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Best Electric Cars in Australia

Posted on Friday 4th September 2020

Are you in the market for an electric car? The Federal Chamber of Automotive Industries (FCAI) () reported a 54 per cent increase in electric car sales in January 2020 from the same month in the previous year. As an Australian driver, this might be the best time to buy. There has never been a wider range of electric cars on the market, as consumers switch on to the benefits of electric cars. As well as being better for the environment, electric cars can be cheaper to run and maintain.

In this blog, we run you through ten of the best electric vehicles Australia has to offer:

BMW i3

The BMW i3 is a pure electric car which offers the option of a range extender, gas engine. This five-seater hatchback has a distinctive bodywork design which has been described as funky and chunky. It provides a 259 kilometers range on one charge, meaning this nimble get around might be more suited to the cities and suburbs.

The unique exterior of the BMW i3 is an indication of an interior which is a little different from the norm - you will find much more space in the front than the back, meaning the i3 can't be considered a family car by any stretch of the imagination. The i3 offers a 42kWh battery size and 125kW powertrain. There is a sports version - the BMW i3S.

Audi e-tron Sportback

The Audi e-tron Sportback should be available in late 2020. As the Sportsback name suggests, this vehicle has some hatchback traits, as well as characteristics of a sedan and coupe. It offers a 350 kilometers range, possesses a 95.3-kWh lithium-ion battery pack, and you can actually get a Level 2 charging system installed at home - it will power up your e-tron Sportback in nine hours. Slower than public charge points, but the convenience may make it worthwhile.

Some of the Audi e-tron Sportback's prominent plus points; it is an amazingly quiet drive with a good ride quality, and an impressive yet functional interior. If you are looking for a crossover EV which piles on the luxury, the e-tron Sportback can appeal. But note than it may offer less range than some of its crossover EV rivals.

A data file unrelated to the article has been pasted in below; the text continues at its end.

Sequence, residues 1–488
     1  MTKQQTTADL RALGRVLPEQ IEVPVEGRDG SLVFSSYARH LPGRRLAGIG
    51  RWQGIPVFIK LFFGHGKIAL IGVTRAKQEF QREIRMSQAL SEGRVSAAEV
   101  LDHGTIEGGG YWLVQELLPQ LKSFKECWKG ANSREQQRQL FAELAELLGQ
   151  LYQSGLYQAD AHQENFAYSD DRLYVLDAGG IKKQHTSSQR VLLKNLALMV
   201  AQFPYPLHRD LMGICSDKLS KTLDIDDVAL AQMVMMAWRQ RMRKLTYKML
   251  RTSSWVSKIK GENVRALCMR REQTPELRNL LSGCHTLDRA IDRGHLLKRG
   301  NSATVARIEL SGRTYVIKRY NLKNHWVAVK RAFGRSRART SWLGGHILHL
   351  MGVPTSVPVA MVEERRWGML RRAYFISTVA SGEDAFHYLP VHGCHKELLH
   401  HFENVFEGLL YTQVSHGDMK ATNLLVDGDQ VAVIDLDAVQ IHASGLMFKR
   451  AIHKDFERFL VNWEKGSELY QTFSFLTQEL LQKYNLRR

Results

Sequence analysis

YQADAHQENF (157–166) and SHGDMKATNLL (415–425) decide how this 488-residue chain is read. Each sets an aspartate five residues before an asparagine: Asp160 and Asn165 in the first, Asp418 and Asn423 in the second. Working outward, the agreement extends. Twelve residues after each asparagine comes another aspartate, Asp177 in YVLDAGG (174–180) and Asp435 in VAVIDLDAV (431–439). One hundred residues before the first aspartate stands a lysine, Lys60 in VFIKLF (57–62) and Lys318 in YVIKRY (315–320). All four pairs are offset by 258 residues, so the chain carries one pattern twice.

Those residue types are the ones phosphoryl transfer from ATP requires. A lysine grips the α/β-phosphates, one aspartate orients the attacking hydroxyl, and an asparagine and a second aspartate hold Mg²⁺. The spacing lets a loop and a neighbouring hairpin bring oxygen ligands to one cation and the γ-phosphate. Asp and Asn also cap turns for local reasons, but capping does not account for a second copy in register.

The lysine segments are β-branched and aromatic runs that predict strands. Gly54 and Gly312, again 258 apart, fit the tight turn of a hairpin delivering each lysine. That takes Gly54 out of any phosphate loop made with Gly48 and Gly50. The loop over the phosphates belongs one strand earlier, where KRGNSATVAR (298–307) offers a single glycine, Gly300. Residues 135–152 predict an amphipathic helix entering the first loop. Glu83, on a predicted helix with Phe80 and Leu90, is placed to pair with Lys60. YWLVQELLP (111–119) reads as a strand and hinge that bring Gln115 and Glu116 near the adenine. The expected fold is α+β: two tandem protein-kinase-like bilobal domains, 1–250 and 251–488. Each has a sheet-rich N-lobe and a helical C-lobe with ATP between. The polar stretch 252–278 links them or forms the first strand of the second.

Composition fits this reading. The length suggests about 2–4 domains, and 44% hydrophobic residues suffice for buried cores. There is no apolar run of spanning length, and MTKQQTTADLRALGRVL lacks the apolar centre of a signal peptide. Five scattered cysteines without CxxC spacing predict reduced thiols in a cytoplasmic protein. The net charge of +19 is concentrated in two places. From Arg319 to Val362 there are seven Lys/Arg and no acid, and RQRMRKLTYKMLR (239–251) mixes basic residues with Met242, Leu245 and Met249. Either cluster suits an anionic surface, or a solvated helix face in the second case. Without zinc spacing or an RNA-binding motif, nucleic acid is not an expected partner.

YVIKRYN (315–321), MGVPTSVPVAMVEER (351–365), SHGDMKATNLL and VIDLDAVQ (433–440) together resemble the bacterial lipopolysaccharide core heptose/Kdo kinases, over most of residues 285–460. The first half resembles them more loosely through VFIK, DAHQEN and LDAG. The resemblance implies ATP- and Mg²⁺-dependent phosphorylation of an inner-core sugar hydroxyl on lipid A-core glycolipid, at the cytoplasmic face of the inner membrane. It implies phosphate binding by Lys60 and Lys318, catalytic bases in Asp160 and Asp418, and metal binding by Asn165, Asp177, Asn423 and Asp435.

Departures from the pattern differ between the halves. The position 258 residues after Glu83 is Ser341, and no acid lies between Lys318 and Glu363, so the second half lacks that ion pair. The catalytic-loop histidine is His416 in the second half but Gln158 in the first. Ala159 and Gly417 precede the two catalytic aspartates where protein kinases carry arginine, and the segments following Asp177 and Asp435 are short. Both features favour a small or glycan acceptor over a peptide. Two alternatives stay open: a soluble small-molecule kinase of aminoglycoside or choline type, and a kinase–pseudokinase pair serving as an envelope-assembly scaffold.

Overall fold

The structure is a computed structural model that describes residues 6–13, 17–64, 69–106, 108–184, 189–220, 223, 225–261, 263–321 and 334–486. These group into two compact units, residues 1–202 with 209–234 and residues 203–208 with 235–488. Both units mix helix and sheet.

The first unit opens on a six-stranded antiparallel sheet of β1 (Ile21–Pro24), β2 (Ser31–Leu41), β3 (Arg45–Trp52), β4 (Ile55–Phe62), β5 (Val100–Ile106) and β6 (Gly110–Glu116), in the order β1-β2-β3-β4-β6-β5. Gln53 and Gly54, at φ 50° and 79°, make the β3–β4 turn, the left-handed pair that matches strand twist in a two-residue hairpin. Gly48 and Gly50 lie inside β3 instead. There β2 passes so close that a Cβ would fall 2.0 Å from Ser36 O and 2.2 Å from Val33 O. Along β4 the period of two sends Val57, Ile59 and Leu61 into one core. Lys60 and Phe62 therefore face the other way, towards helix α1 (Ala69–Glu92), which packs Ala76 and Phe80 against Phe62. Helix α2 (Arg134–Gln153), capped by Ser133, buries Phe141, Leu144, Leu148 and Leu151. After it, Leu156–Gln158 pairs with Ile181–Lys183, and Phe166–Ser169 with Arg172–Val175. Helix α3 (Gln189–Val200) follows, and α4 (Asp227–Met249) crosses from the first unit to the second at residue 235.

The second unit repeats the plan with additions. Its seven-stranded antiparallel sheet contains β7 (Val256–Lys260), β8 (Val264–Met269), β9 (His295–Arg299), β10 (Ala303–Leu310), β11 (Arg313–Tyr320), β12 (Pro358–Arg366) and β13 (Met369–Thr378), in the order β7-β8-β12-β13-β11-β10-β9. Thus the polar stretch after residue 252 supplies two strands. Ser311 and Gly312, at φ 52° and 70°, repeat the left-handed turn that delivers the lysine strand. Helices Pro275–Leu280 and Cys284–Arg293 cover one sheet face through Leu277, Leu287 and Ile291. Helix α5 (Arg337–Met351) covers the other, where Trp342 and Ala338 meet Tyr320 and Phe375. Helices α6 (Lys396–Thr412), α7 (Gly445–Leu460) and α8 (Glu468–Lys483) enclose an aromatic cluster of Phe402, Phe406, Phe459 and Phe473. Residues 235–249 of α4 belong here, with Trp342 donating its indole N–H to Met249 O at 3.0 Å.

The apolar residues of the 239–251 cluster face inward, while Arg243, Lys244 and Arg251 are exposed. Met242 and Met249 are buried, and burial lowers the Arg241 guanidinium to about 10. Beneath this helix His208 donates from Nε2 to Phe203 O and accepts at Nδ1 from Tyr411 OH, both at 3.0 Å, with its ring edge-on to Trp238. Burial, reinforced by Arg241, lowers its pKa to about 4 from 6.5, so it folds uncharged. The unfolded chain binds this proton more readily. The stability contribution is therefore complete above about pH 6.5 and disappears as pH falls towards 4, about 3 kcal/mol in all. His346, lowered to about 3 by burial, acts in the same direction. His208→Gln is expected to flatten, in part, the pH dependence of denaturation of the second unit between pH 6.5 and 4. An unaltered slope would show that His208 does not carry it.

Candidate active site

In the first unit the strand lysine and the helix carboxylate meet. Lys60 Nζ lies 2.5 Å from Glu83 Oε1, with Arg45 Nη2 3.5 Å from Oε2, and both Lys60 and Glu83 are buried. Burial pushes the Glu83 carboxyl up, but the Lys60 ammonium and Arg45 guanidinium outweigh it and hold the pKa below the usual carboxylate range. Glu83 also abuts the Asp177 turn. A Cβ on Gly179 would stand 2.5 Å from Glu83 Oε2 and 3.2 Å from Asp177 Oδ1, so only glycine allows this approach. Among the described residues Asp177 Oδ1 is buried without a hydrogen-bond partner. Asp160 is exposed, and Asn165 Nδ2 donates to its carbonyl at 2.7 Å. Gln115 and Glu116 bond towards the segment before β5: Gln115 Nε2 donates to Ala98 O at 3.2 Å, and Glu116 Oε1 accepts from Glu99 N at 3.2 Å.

Nissan Leaf

The Nissan Leaf certainly gets the public vote, being the world's top-selling electric vehicle. This second generation five-seater hatchback, offers small running costs, home charging options, and a range of practical features, such as a sizable boot and radar sensor.

The 2019 Leaf improves on its predecessor by achieving 0 to 100kph in 7.9 seconds, and offering 150bhp. It is able to reach 363 kilometers on a single charge. The Leaf is evidently not for long distance drivers, or those with a taste for power, but as a pure EV it offers the cost savings of avoiding petrol altogether, a design which is conducive to holding a battery, and an aerodynamic, light body.

Hyundai Kona Electric

With its 449 kilometers range, the Hyundai Kona Electric is actually approaching the ability to rival a full gas tank. The car is based on Hyundai's small SUV; the Hyundai Kona. The car offers the cost savings you would expect compared to diesel or petrol, and you can charge it at home using a 7.2kW wall box which takes just over nine hours 30 mins with the 64kWh battery, while the 39kWh battery can be charged in 6hrs 10mins.

The Kona Electric is big on safety systems, featuring automatic emergency braking (AEB) and lane keeping assistance. You can also benefit from features such as traffic sign recognition and rear cross traffic monitoring. There is the option of adding upgraded infotainment and privacy glass, however, the base model is well equipped. The space of the vehicle and the quality of the interior might be found a little wanting for an SUV, but the Kona Electric is a good all rounder with some enticing Premium options.

Tesla Model 3

The Tesla Model 3 is a five seater medium-sized sedan. It's a pure electric vehicle that comes in three models; the Standard Plus, the Performance, and the Long Range. It offers a range of 402 kilometers, with 518 kilometers possible in the Long Range version. The 50kWh battery takes 17 hours to charge with a standard socket, and just six hours with the Tesla charger.